SHARING AMERICA'S TECH NEWS FROM THE VALLEY TO THE ALLEY
by Cyrus Farivar (courtesy ArsTechnica)
It’s worse than we thought.
Just one day after disclosing the existence of a secret court order between the National Security Agency (NSA) and Verizon, The Guardian and The Washington Post both published secret presentation slides revealing the existence of a previously undisclosed massive surveillance program called PRISM. The program has the capability to collect data “directly from the servers” of major American tech companies, including Microsoft, Google, Apple, Facebook and Yahoo. (Dropbox is said to be “coming soon.”)
The newspapers describe the system as one giving the National Security Agency and the FBI direct access to a huge number of online commercial services, capable of “extracting audio, video, photographs, e-mails, documents, and connection logs that enable analysts to track a person’s movements and contacts over time.”
Since the news broke, Apple, Google, and Facebook have all gone on the record. Apple told CNBC that it never heard of PRISM and did not grant the government such access. It echoed the same sentiment to the Wall Street Journal. Facebook told The Next Web that it also does not provide federal authorities with direct access to its servers. And Google told the site that it ”does not have a ‘back door’ for the government to access private user data.” It continued in a statement, “Google cares deeply about the security of our users’ data. We disclose user data to government in accordance with the law, and we review all such requests carefully.”
Ars has reached out to Apple, Yahoo, Paltalk, AOL, and Facebook over e-mail for comment but did not hear back at the time of publication. A Google spokesperson—when asked if the company had heard of or participated in the PRISM program—responded with the same statement given to The Next Web.
A Dropbox spokesperson told Ars: “We’ve seen reports that Dropbox might be asked to participate in a government program called PRISM. We are not part of any such program and remain committed to protecting our users’ privacy.”
And Facebook wrote to Ars: “Protecting the privacy of our users and their data is a top priority for Facebook. We do not provide any government organization with direct access to Facebook servers. When Facebook is asked for data or information about specific individuals, we carefully scrutinize any such request for compliance with all applicable laws, and provide information only to the extent required by law.”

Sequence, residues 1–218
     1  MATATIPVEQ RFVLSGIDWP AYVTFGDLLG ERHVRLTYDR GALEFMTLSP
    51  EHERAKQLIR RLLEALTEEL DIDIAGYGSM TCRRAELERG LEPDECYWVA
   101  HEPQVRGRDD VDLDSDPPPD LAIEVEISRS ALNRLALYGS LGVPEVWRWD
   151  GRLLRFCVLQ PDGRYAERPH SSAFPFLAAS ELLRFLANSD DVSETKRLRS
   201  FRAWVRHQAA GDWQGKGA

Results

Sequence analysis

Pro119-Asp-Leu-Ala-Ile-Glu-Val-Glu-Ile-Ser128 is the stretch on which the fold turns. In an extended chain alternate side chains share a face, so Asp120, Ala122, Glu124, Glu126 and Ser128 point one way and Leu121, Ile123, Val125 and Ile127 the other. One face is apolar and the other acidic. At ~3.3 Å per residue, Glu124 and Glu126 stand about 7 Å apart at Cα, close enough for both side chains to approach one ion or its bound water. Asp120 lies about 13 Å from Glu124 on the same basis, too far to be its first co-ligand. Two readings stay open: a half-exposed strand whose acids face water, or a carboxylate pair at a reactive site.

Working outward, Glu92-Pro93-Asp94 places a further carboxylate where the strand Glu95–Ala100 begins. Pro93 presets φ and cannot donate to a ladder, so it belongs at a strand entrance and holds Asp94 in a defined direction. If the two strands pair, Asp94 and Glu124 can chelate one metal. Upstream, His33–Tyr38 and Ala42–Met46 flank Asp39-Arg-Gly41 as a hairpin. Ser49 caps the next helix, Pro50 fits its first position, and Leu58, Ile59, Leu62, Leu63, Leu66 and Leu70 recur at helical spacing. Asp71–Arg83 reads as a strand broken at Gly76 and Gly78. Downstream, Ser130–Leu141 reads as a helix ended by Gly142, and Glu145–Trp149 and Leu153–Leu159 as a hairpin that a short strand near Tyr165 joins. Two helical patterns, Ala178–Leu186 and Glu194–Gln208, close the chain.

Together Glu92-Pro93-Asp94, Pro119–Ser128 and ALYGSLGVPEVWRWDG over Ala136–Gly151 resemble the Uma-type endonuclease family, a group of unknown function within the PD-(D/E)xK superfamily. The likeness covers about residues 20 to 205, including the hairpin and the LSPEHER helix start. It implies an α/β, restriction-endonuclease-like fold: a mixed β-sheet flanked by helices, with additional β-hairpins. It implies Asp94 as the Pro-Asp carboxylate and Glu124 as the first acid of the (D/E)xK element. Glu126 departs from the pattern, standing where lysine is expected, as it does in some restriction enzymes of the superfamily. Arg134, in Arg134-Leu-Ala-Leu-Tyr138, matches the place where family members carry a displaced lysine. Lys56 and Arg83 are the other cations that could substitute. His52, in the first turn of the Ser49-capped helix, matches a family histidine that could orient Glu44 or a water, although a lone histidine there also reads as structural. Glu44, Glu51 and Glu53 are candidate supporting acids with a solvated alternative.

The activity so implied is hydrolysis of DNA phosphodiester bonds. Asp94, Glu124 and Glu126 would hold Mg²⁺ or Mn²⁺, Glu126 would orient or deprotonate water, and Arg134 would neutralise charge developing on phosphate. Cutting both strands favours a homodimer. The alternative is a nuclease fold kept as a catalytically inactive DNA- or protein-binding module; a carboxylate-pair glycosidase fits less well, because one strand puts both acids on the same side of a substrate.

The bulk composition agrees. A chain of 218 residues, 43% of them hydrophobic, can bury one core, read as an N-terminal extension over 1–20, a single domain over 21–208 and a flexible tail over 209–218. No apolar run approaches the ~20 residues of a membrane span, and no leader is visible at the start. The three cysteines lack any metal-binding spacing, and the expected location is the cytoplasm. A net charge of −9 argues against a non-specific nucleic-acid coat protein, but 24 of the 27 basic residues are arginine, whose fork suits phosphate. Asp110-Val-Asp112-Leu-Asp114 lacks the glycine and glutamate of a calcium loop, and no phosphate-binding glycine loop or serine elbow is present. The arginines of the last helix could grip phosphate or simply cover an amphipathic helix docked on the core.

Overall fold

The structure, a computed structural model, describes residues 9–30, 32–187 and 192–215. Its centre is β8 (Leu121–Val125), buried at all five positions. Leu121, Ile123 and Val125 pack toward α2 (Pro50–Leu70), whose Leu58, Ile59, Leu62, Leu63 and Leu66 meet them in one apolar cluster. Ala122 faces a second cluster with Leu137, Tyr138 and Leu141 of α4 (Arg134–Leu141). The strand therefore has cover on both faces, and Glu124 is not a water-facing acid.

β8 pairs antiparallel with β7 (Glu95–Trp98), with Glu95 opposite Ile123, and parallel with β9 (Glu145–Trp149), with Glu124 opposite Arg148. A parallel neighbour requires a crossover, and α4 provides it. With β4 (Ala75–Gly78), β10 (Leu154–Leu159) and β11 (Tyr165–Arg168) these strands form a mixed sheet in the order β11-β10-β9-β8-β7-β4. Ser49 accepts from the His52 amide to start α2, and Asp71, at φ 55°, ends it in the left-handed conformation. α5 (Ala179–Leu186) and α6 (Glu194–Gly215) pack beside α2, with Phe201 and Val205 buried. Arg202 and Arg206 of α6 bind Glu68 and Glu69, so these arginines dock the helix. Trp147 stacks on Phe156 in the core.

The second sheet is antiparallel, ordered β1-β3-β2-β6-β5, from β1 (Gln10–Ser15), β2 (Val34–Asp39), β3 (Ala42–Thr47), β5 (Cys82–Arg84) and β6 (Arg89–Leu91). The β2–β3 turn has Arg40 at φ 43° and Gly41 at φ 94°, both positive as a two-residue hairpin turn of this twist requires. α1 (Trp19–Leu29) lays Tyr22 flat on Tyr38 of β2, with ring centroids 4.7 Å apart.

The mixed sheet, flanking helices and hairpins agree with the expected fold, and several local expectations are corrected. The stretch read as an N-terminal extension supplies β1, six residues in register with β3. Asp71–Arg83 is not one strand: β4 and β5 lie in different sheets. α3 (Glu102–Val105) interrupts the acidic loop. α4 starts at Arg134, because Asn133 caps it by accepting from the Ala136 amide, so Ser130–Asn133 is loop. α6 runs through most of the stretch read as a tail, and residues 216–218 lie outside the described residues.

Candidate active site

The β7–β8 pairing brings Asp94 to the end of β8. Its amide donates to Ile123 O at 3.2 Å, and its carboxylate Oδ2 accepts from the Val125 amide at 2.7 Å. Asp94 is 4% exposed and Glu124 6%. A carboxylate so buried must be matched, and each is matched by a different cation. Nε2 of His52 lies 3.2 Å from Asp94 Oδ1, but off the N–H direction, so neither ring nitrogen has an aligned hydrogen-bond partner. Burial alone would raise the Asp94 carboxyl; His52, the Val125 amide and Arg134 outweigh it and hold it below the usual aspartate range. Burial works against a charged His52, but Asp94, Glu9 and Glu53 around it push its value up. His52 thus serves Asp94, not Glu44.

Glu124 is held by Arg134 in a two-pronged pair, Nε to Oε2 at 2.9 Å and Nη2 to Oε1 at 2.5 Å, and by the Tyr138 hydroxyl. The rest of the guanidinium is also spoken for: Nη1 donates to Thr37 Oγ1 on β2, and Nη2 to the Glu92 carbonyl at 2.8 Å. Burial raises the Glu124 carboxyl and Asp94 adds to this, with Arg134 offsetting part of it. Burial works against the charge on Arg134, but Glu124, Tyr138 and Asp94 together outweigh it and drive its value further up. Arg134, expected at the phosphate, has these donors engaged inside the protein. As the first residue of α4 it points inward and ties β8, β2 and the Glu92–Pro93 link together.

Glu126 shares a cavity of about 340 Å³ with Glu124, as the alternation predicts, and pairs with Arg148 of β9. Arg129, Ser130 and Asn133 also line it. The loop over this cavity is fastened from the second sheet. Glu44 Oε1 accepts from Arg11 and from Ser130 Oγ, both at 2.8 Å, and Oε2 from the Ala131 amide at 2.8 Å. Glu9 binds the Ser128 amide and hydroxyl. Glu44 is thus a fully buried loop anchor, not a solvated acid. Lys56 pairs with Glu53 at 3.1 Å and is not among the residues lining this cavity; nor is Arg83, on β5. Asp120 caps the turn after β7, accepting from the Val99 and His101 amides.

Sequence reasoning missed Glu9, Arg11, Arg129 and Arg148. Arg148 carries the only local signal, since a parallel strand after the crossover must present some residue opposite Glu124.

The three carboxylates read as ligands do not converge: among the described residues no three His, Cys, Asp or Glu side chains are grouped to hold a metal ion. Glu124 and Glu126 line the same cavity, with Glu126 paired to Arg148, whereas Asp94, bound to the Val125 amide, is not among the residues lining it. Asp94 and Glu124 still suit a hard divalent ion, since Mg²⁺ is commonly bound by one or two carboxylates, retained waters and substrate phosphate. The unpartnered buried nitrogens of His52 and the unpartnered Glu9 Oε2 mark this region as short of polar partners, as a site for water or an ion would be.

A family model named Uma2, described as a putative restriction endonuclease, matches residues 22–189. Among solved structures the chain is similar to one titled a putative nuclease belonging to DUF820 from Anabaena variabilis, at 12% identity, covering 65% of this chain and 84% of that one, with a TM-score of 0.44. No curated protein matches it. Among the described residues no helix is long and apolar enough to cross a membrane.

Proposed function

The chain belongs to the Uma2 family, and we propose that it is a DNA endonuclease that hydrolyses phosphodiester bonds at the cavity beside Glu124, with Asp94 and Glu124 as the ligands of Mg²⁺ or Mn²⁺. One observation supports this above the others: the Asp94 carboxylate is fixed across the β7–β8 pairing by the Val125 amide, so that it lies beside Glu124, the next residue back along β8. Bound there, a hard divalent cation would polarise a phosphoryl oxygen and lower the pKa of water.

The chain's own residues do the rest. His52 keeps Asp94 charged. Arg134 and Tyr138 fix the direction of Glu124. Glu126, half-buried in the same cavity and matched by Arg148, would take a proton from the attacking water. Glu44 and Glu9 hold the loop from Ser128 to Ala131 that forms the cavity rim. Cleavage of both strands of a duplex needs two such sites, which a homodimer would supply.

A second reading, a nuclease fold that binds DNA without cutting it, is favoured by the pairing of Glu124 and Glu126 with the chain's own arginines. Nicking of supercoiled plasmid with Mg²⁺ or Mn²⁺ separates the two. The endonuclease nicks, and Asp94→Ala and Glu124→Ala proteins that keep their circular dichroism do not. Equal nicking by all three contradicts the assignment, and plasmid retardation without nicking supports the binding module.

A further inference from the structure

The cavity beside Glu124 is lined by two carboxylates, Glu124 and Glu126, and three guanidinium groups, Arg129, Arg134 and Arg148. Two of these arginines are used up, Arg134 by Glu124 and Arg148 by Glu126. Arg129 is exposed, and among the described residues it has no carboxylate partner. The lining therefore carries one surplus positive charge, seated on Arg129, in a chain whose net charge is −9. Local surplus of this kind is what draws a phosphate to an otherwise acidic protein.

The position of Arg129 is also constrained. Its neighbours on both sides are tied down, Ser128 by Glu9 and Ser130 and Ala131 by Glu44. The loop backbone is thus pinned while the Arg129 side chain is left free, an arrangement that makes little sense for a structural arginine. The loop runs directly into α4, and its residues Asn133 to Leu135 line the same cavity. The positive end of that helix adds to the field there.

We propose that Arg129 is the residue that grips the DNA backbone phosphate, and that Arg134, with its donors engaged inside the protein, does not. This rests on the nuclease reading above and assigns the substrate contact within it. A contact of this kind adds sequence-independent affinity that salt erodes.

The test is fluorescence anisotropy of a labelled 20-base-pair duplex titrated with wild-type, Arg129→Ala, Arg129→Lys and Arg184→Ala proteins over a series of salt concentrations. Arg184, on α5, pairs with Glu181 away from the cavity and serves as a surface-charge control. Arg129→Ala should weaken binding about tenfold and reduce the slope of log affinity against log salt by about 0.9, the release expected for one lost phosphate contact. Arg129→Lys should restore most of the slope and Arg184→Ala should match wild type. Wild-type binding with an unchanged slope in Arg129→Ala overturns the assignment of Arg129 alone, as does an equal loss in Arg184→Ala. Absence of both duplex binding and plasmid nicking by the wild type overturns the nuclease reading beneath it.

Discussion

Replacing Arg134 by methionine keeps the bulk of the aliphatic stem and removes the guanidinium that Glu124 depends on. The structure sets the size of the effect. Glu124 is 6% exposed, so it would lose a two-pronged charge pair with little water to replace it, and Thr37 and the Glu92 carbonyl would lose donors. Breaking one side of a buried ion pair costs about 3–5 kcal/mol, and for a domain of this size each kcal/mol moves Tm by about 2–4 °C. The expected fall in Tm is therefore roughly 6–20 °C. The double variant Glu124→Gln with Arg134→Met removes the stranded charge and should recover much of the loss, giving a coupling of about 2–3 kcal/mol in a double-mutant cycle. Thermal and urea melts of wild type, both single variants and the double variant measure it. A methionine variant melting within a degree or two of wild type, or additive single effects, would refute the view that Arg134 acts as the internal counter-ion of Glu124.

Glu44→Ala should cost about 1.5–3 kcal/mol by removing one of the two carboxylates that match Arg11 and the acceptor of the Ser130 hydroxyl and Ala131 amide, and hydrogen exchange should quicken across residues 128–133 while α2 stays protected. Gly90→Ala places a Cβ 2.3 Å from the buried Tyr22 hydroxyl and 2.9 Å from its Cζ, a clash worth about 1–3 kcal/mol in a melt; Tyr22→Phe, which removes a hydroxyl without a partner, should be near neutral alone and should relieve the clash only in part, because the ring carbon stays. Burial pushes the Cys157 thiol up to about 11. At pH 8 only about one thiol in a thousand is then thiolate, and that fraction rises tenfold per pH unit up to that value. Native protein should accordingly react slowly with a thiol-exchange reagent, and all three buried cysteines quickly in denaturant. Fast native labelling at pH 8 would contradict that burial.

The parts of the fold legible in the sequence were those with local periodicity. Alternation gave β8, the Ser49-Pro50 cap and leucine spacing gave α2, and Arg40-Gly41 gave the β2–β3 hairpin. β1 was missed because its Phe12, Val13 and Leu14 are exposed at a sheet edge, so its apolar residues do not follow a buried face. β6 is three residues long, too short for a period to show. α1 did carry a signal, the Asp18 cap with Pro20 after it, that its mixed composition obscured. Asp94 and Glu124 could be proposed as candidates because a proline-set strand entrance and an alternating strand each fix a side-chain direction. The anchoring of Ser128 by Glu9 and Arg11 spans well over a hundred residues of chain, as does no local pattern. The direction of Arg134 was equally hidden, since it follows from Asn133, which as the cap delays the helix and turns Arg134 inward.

Meanwhile, a Microsoft spokesperson responded: “We provide customer data only when we receive a legally binding order or subpoena to do so, and never on a voluntary basis. In addition we only ever comply with orders for requests about specific accounts or identifiers. If the government has a broader voluntary national security program to gather customer data we don’t participate in it.”
Still, Kurt Opsahl, a staff attorney at the Electronic Frontier Foundation says that these denials may not be very significant.
“Whether they know the code name PRISM, they probably don’t,” he told Ars. “[Code names are] not routinely shared outside the agency. Saying they’ve never heard of PRISM doesn’t mean much. Generally what we’ve seen when there have been revelations is something like: ‘we can’t comment on matters of national security.’ The tech companies responses are unusual in that they’re not saying ‘we can’t comment.’ They’re designed to give the impression that they’re not participating in this.”
Over five years of data
According to the newspapers’ reporting, PRISM began with Microsoft being the first company to cooperate with the government’s secret digital dragnet—on September 11, 2007. Allegedly the most recent collaborator was Apple, beginning in October 2012. The reports state that companies are given immunity from federal prosecution in exchange for opening access to their servers to the FBI’s Data Intercept Technology Unit.
The FBI did not immediately respond to Ars’ request for comment. The Post said that government officials “declined to comment for this story.”